A federal appeals court returned litigation over the New York Police Department’s stop-question-and-frisk policy to a lower court Friday for a potential settlement between civil liberties groups and the city.
The 2nd U.S. Circuit Court of Appeals refused to let police unions replace the city to continue the appeal over a judge’s finding that police sometimes discriminate against minorities with the crime-reduction tactic.
The appeals court’s decision was issued weeks after new Mayor Bill de Blasio withdrew the city’s challenge to a court-appointed monitor and other steps in order to rewrite the policy.
In its decision, the 2nd Circuit said the appropriateness of letting police unions continue the appeal “could well bear on settlement negotiations.” It said the lower court was “better positioned to deal with the complexities that might arise during multifaceted settlement negotiations in which a variety of interests must be accommodated.”
The ruling seemed to sit well with the police unions.
“Our mission has always been to gain a seat at the table in order to protect our members’ rights and reputations,” said Patrick J. Lynch, president of the Patrolmen’s Benevolent Association.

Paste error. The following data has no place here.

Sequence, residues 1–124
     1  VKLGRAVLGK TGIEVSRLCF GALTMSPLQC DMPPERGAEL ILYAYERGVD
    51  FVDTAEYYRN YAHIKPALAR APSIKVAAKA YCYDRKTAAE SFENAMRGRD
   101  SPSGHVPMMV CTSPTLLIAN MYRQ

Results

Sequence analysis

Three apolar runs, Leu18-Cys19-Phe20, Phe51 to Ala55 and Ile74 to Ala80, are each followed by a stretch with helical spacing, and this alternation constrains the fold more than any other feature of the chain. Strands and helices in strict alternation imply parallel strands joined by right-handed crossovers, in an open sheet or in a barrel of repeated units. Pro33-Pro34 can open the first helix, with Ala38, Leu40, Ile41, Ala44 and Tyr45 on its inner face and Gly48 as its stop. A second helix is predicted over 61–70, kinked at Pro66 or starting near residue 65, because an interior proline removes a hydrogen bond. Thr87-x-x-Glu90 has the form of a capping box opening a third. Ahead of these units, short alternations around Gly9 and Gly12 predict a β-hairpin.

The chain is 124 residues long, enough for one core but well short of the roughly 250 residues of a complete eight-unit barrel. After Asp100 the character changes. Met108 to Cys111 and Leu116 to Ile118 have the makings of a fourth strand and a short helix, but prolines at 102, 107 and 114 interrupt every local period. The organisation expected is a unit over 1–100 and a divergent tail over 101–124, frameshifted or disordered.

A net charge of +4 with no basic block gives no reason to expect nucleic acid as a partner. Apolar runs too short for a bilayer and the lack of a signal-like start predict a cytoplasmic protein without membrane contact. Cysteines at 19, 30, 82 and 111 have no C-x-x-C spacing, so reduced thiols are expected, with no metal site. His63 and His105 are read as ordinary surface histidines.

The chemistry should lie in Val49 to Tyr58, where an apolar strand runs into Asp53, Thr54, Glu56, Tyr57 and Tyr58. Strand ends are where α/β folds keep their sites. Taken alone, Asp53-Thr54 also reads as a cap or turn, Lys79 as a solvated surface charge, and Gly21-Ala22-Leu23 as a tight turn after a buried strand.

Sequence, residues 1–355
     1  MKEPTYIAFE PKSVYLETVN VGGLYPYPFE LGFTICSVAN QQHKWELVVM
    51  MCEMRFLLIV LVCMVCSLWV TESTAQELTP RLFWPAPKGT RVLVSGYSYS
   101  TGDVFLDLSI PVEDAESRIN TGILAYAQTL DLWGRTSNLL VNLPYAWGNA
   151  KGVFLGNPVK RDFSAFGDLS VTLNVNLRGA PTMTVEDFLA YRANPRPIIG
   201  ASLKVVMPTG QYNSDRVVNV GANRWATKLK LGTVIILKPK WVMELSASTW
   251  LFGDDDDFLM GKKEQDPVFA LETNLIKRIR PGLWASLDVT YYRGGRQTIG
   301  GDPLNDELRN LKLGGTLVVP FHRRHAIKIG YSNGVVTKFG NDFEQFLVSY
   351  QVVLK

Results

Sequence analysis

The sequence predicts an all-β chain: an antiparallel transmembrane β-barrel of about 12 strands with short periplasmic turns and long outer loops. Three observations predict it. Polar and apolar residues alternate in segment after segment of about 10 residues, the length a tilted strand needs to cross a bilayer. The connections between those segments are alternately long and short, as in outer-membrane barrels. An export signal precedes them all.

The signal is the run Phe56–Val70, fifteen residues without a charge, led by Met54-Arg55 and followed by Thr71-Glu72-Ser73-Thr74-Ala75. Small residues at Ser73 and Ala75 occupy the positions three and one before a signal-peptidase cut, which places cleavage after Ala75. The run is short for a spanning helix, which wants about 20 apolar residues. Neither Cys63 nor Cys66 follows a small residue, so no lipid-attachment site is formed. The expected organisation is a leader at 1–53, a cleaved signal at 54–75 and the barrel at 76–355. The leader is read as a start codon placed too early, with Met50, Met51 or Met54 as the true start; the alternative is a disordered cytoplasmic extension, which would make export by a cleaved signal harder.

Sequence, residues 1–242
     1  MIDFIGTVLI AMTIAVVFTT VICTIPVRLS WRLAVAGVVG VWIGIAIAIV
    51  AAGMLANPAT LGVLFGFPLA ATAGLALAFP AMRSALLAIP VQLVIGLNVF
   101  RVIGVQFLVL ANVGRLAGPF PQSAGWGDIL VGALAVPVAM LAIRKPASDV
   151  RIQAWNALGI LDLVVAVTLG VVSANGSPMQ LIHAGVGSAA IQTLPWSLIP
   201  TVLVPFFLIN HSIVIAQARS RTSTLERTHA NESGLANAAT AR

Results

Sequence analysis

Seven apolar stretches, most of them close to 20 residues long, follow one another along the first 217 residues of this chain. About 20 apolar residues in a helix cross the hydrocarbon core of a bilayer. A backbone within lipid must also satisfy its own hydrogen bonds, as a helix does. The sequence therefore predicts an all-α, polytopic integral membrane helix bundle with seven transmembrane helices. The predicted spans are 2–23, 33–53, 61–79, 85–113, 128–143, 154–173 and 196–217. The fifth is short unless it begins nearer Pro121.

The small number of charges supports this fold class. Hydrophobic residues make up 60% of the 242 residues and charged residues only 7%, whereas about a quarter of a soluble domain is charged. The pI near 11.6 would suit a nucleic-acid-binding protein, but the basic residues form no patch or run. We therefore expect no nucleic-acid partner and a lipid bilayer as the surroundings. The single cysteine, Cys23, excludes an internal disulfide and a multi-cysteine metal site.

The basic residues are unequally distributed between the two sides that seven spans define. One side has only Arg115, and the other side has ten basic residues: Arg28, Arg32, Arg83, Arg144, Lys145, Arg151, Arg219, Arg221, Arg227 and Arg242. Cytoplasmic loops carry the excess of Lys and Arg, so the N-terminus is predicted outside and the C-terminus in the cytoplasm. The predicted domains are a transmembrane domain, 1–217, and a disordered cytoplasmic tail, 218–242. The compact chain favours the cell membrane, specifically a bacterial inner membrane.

In a statement, the city’s law department said: “The court of appeals recognized the city’s interest in resolving the case, which we now intend to do in the district court.”
Police unions had asked to take over the appeal, saying the finding of discrimination by U.S. District Judge Shira A. Scheindlin unfairly tainted the 35,000-person police force, the nation’s largest. Scheindlin was removed from the case last year after the appeals court said she ran afoul of the code of conduct for U.S. judges.
The appeals court refused to let the unions replace the city and continue the appeal. The court said the unions could try to intervene in place of the city before a district judge first and then could appeal any rejection.